A recent Congressional hearing on MF Global has shed more light on how well the company did, or didn’t, handle its risk management responsibilities. A couple of weeks ago the House Financial Service Committee’s oversight panel heard testimony from the firm’s chief risk officers. As CRO, Michael Roseman in 2010 raised concerns about the firm’s European Sovereign debt positions, reportedly clashing with top executives but in any event seeing to it that the board of directors was informed of what was going on. (For more on this, you can look back to my December 15 posting.) Then in early 2011 MF Global hired a new chief risk officer, Michael Stockman, who like CEO Jon Corzine was a former Goldman guy. One Congressman reportedly said it appeared “Stockman was hired to tell Mr. Corzine what he wanted to hear,” and another called him a “yes man.” Whether that’s fair or not is debatable, though one wonders why the change of CROs was made in the first place. In defense, Stockman said that for the first several months of his tenure he believed the firm’s “risk profile associated with the company’s European sovereign debt position was acceptable in light of then-prevailing market conditions,” but “as credit markets deteriorated in the summer of 2011, I came to the view that it would be prudent for the company to mitigate the increased risks.” Whether his initial assessment was justified and whether he pushed hard and timely enough with management and the board certainly is questionable.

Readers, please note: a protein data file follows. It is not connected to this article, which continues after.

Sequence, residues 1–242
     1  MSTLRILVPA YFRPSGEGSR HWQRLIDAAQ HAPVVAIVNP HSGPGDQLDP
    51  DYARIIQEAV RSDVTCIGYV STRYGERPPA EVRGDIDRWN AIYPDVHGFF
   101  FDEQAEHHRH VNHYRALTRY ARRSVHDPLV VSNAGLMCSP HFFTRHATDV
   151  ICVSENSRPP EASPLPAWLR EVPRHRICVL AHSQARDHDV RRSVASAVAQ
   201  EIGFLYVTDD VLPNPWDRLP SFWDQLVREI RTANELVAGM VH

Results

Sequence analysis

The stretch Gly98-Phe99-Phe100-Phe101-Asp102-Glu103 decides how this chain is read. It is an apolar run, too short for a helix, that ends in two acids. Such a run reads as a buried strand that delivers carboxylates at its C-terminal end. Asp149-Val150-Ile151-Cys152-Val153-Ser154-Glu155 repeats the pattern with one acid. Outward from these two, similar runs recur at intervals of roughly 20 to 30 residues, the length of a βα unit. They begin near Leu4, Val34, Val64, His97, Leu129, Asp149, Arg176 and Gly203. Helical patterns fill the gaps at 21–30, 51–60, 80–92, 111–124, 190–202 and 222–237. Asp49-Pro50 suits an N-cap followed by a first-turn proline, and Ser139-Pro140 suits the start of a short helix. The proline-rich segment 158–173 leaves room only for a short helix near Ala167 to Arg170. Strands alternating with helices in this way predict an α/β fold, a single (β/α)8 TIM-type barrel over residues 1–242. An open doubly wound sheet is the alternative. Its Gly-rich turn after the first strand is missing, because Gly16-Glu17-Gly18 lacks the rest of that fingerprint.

Fascinating here is what was said by the Congressmen doing the questioning, reportedly saying to Stockman that it was up to the chief risk officer to “rein in their bosses risk taking.” If that indeed was said, then it shows a sad lack of understanding of what a chief risk officer’s role truly is. In highly summarized form, if the role is structured well, the CRO is responsible for establishing a process within the organization where managers timely identify, analyze, and manage risk, with communications systems in place to ensure appropriate upstream reporting. The reporting element is critical, not only within the organizational infrastructure but also going to the very top. The CRO needs to be sure top management and ultimately the board of directors are fully apprised of significant risks. And if management refuses to inform the board, then the CRO has to do it him/herself. CRO Roseman seems to have made sure the board was apprised.